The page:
23.05.2018 - 04.08.2018
Fait Gallery, Ve Vaňkovce 2, Brno
opening: 23. 5. 2018 at 7 pm
A grid becomes a symbol of organisation in the most general sense of the word, a kind of order of things, and at a symbolic level also a world order.
- Jan Nálevka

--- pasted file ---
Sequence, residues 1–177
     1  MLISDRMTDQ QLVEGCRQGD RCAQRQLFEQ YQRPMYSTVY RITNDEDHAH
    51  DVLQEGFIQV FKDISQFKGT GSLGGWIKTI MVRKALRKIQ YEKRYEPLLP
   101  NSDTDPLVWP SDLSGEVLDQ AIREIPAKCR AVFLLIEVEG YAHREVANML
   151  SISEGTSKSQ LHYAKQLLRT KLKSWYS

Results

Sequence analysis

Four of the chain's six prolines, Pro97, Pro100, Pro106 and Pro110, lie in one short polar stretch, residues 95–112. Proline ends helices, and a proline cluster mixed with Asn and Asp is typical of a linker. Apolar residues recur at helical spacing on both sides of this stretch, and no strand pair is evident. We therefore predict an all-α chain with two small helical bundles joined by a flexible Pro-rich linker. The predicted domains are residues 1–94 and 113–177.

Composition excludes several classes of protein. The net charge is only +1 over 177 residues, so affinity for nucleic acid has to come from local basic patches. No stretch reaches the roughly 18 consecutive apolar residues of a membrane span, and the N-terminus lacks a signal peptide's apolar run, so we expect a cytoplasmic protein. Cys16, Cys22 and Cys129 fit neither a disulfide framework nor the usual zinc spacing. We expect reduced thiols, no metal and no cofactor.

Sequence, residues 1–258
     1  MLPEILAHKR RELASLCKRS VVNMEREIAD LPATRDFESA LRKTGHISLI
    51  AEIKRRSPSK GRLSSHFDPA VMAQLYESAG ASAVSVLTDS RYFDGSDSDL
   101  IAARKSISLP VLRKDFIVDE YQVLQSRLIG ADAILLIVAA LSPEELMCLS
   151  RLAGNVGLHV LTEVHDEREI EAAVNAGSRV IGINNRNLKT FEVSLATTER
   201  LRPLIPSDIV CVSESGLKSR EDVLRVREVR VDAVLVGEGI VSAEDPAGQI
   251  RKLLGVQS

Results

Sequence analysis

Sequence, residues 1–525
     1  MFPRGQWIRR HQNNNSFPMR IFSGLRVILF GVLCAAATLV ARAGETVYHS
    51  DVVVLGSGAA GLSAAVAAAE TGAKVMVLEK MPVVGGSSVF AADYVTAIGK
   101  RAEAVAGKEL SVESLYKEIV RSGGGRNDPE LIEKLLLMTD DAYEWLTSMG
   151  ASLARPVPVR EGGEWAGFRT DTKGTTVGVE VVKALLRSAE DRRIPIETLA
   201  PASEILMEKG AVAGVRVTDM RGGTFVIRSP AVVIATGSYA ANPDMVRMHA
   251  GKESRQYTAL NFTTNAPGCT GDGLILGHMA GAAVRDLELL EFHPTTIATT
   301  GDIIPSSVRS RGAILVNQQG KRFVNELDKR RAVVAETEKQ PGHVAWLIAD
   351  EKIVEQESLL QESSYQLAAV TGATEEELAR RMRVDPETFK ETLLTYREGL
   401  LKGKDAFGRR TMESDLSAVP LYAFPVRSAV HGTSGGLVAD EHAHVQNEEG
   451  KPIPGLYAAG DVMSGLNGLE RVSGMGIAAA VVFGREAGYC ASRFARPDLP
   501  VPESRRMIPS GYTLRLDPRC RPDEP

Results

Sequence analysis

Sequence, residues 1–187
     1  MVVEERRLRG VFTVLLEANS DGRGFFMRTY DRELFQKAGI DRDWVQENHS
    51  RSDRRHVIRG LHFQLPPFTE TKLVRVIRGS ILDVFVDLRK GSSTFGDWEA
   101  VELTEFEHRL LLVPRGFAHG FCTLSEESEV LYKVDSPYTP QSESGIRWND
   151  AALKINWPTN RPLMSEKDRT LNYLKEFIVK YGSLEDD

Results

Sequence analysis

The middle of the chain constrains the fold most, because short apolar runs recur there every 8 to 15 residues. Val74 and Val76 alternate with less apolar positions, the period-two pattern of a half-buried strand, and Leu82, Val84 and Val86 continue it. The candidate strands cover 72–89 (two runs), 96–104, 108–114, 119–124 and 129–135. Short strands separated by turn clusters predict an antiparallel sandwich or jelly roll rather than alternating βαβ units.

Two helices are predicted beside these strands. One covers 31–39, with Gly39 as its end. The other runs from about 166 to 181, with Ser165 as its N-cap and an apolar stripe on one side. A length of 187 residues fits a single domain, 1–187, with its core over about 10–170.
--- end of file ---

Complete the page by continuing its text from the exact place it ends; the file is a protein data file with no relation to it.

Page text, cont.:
The A4 format paper is the most widespread kind of paper in both households and offices. We use it to print ordinary documents, for photocopying, notes and sketches. It is also used for the printing of formal court decisions, meals of the day in cheap restaurants and university theses, as it is the only format with which one can be sure that the diploma work will be bound in covers imitating leather as late as an hour before the deadline. Files for this size are available from any stationery shop, and millions of sheets pile up in millions of metres of office archives. Text editors now offer the digital version of A4… The standardized A4 format is guaranteed by the ISO 216 international standard for paper of the A, B and C categories. The first attempts at standardisation go back to France during the Revolution in the late 18th century. The main advantage of this proportion of sides is the simple division in halves after which the sheets retain the same proportion of sides. The major benefit of the adoption and dissemination of the standard was its compatibility and coordination of the manufacture of a whole spectrum of products. Nowadays, when you ask someone to picture a “common sheet of paper”, they will most probably visualize paper of the A4 format.